• Belarus Democracy Reauthorization Act of 2006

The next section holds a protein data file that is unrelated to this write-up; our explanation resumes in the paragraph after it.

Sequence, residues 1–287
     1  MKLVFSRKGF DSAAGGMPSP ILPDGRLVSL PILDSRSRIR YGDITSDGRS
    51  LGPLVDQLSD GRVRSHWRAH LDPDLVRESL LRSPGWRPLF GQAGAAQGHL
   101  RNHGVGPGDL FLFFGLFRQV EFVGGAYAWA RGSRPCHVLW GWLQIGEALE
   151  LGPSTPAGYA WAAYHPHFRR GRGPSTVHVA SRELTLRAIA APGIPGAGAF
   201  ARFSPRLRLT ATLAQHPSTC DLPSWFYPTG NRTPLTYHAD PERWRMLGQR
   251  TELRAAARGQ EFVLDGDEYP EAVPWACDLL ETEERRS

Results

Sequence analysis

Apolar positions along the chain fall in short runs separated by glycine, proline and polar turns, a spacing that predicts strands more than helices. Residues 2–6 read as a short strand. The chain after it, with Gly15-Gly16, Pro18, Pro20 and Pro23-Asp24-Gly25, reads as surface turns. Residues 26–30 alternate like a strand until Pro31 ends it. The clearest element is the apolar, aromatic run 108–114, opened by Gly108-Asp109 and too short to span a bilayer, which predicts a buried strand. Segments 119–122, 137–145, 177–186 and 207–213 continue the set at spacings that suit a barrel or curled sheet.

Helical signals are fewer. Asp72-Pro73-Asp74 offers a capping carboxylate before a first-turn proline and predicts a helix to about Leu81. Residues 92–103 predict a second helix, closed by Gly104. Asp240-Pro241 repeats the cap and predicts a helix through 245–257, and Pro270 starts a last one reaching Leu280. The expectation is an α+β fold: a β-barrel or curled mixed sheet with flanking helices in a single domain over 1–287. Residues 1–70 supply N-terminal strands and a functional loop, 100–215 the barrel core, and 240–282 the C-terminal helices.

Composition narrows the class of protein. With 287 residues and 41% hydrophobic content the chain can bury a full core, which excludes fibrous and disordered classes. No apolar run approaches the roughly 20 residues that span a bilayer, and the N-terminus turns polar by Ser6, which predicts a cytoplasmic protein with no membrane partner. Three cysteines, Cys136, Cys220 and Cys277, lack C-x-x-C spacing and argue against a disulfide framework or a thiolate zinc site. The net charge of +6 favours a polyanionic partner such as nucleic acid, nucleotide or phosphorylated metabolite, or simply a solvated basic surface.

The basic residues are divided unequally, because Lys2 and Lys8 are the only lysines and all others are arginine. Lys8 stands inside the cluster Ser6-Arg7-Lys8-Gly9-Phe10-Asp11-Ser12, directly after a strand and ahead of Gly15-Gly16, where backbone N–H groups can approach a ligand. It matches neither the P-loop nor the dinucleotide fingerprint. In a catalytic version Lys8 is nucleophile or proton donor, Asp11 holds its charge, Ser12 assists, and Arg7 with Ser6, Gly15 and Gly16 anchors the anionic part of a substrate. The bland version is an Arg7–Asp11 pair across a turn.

Mr. Speaker, I strongly urge passage of H.R. 5948, the Belarus Democracy Reauthorization Act of 2006, to provide sustained support for the promotion of democracy, human rights and the rule of law in the Republic of Belarus, as well as encourage the consolidation and strengthening of Belarus' sovereignty and independence. Mr. Speaker, I especially thank you for your commitment to bring this legislation before this Congress. Your deep personal interest in the cause of freedom in Belarus, as demonstrated by your recent meetings in Vilnius with the leaders of the democratic opposition, has been particularly appreciated by those struggling for the rule of law and basic human freedoms. This legislation enjoys bipartisan support, and I want to recognize and thank the tremendous collaboration of Rep. Tom Lantos, an original cosponsor of this bill.  As one who has followed developments in Belarus over many years through my work on the Helsinki Commission, I remain deeply concerned that the Belarusian people continue to be subjected to the arbitrary and self-serving whims of a corrupt and anti-democratic regime headed by Aleksandr Lukashenka. Since the blatantly fraudulent March 19 presidential elections, which the OSCE condemned as having failed to meet international democratic standards, the pattern of repression and gross violations of human rights and fundamental freedoms. While those who would dare oppose the regime are especially targeted, the reality is that all in Belarus outside Lukashenka’s inner circle pay a price. Recent news regarding Lukashenka’s regime Last week in Riga, President Bush pledged to help the people of Belarus in the face of the "cruel regime" led by President Lukashenka. "The existence of such oppression in our midst offends the conscience of Europe and the conscience of America," Bush said, adding that "we have a message for the people of Belarus: the vision of a Europe whole, free and at peace includes you, and we stand with you in your struggle for freedom." Mr. Speaker, this legislation would be a concrete expression of Congress’ commitment to the Belarusian people and would show that we stand as one in supporting freedom for Belarus. Just within the last few months, we have witnessed a series of patently political trials designed to further stifle peaceful, democratic opposition. In October, 60-year-old human rights activist Katerina Sadouskaya was sentenced to two years in a penal colony. Her “crime”? “Insulting the honor and dignity of the Belarusian leader.” Mr. Speaker, if this isn’t reminiscent of the Soviet Union, I don’t know what is. And just a few weeks ago, in a closed trial, Belarusian youth activist Zmitser Dashkevich received a one-and-a-half year sentence for “activities on behalf of an unregistered organization.”  A report mandated by the Belarus Democracy Act and finally issued this past March reveals Lukashenka’s links with rogue regimes such as Iran, Sudan and Syria, and his cronies’ corrupt activities. According to an October 9, 2006, International Herald Tribune op-ed: “Alarmingly, over the last six years, Belarus has intensified its illegal arms shipment activities to the point of becoming the leading supplier of lethal military equipment to Islamic state sponsors of terrorism.” I guess we shouldn’t be all that surprised that in July, Lukashenka warmly welcomed to Minsk Venezuela’s Hugo Chavez. In keeping with their bent, both pledged cooperation and denounced the West. More recently, Belarusian Foreign Minister Martynov traveled to Iran where President Ahmadinejad pledged further cooperation in the energy and defense industries. Not long ago, a member of Belarus’ bogus parliament asserted on state-controlled radio that Belarus has the right to develop its own nuclear weapons. Mr. Speaker and Colleagues, Belarus is truly an anomaly in Europe, swimming against the rising tide of greater freedom, democracy and economic prosperity.  The Legislation  Three years ago, I introduced the Belarus Democracy Act which passed the House and Senate with overwhelming bipartisan support and was signed into law by President Bush in October 2004. At that time, the situation in Belarus with respect to democracy and human rights was already abysmal. The need for a sustained U.S. commitment to foster democracy and respect for human rights and to sanction Aleksandr Lukashenka and his cronies is clear from the intensified anti-democratic policies pursued by the current leadership in Minsk. Mr. Speaker, I am pleased that countries throughout Europe have joined in a truly trans-Atlantic effort to bring the promise of freedom to the beleaguered people of Belarus. Prompt passage of the Belarus Democracy Reauthorization Act of 2006 will help maintain this momentum aimed at upholding the democratic aspirations of the Belarusian people. With the continuing decline on the ground in Belarus since the fraudulent March elections, this bill is needed now more than ever.  This reauthorization bill demonstrates the sustained U.S. support for Belarus’ independence. We seek to encourage those struggling for democracy and respect for human rights in the face of the formidable pressures and personal risks from the anti-democratic regime. The bill authorizes such sums as may be necessary in assistance for each of fiscal years 2007 and 2008 for democracy-building activities such as support for non-governmental organizations, including youth groups, independent trade unions and entrepreneurs, human rights defenders, independent media, democratic political parties, and international exchanges.  The bill further authorizes monies for both radio and television broadcasting to the people of Belarus. While I am encouraged by the recent U.S. and EU initiatives with respect to radio broadcasting, much more needs to be done to penetrate Lukashenka’s stifling information blockade. Mr. Speaker, I hope that the Administration will make this a priority.  In addition, H.R. 5948 calls for selective sanctions against the Lukashenka regime, and the denial of entry into the United States for senior officials of the regime – as well as those engaged in human rights and electoral abuses. In this context, I welcome the punitive sanctions imposed by both the Administration and the EU which are targeted against officials – including judges and prosecutors – involved in electoral fraud and other human rights abuses.  The bill expresses the sense of the Congress that strategic exports to the Government of Belarus should be prohibited, except for those intended for democracy building or humanitarian purposes, as well as U.S. Government financing and other foreign assistance. Of course, we would not want the exports to affect humanitarian goods and agricultural or medical products. The U.S. Executive Directors of the international financial institutions are encouraged to vote against financial assistance to the Government of Belarus except for loans and assistance that serve humanitarian needs. Furthermore, we would encourage the blocking of the assets (in the United States) of members of the Belarus Government as well as the senior leadership and their surrogates. To this end, I welcome the Treasury Department’s April 10 advisory to U.S. financial institutions to guard against potential money laundering by Lukashenka and his cronies and strongly applaud President Bush’s June 19 “Executive Order Blocking Property of Certain Persons Undermining Democratic Processes or Institutions in Belarus.”  Mr. Speaker, I want to make it crystal clear that these sanctions are aimed not at the people of Belarus, but at a regime that displays contempt for the dignity and rights of its citizens even as the corrupt leadership moves to further enrich itself at the expense of all Belarusians.  Ongoing Anti-Democratic Behavior To chronicle the full litany of repression over the course of Lukashenka’s 12-year misrule would go well beyond the bounds of time available here. Let me cite several more recent illustrations of anti-democratic behavior which testify to the true nature of the regime.  Belarus’ March 19 presidential elections can only be described as a farce, and were met with condemnation by the United States, the OSCE, the European Union and others. The Lukashenka regime’s wholesale arrests of more than one thousand opposition activists and dozens of Belarusian and foreign journalists, before and after the elections, and violent suppression of peaceful post-election protests underscore the contempt of the Belarusian authorities toward their countrymen.  Illegitimate parliamentary elections in 2004 and the recently held presidential “elections” in Belarus brazenly flaunted democratic standards. As a result of these elections, Belarus has the distinction of lacking legitimate presidential and parliamentary leadership, which contributes to that country's self-imposed isolation. Albeit safely ensconced in power, Lukashenka has not let up on the democratic opposition. Almost daily repressions constitute a profound abuse of power by a regime that has blatantly manipulated the system to remain in power.  In the last few months, the regime continues to show its true colors, punishing those who would dare to challenge the tin-pot dictator. Former presidential candidate Aleksandr Kozulin was sentenced to a politically-motivated five-and-one-half-years’ term of imprisonment for alleged “hooliganism” and disturbing the peace. His health is precarious as he is now well into his second month of a hunger strike.  In early August, authorities sentenced four activists of the non-partisan domestic election monitoring initiative “Partnerstva”. In a patent attempt to discourage domestic observation of the fraudulent March 19 presidential elections, the four had been kept in custody since February 21. Two were released, having served their six month sentences. Two others, Tsimafei Dranchuk and Mikalay Astreyka, received stiffer sentences, although Astreyka has been released from a medium security colony and is now in “correctional labor”. Other political prisoners, including Artur Finkevich, Mikalay Autukhovich, Andrey Klimau, Ivan Kruk, Yury Lyavonau, Mikalay Razumau, Pavel Sevyarynets, Mikalay Statkevich also continue to have their freedom denied, languishing in prison or in so-called correctional labor camps.  Administrative detentions of ten or fifteen days against democratic opposition activists are almost a daily occurrence. Moreover, the Lukashenka regime continued to stifle religious expression. It refuses to register churches, temporarily detains pastors, threatens to expel foreign clergy, and refuses religious groups the use of premises to hold services. Despite the repressions, Protestant and Catholic congregations have increasingly become more active in their pursuit of religious freedom. I am also concerned about the recent explosion at a Holocaust memorial in western Belarus, the sixth act of vandalism against the monument in 14 years. Unfortunately, the local authorities have reportedly refused to open a criminal investigation. Lukashenka’s minions have closed down independent think tanks, further tightened the noose around what remains of the independent media, suspended the activities of a political party, shut down the prominent literary journal Arche, and evicted the Union of Belarusian Writers from its headquarters. Of course, Lukashenka’s pattern of contempt for human rights is nothing new – it has merely intensified with the passage of time.  Moreover, we have seen no progress on the investigation of the disappearances of political opponents – perhaps not surprisingly, as credible evidence points at the involvement of the Lukashenka regime in their murders.  Mr. Speaker, it is my hope that the Belarus Democracy Reauthorization Act of 2006 will help end to the pattern of violations of OSCE human rights and democracy commitments by the Lukashenka regime and loosen its unhealthy monopoly on political and economic power. I hope our efforts here today will facilitate independent Belarus’ integration into democratic Europe in which the principles of democracy, human rights and the rule of law are respected. The beleaguered Belarusian people have suffered so much over the course of the last century and deserve better than to live under a regime frighteningly reminiscent of the Soviet Union. The struggle of the people of Belarus for dignity and freedom deserves our unyielding and consistent support.  This legislation is important and timely because Belarus, which now borders on NATO and the EU, continues to have the worst human rights and democracy record of any European state – bar none.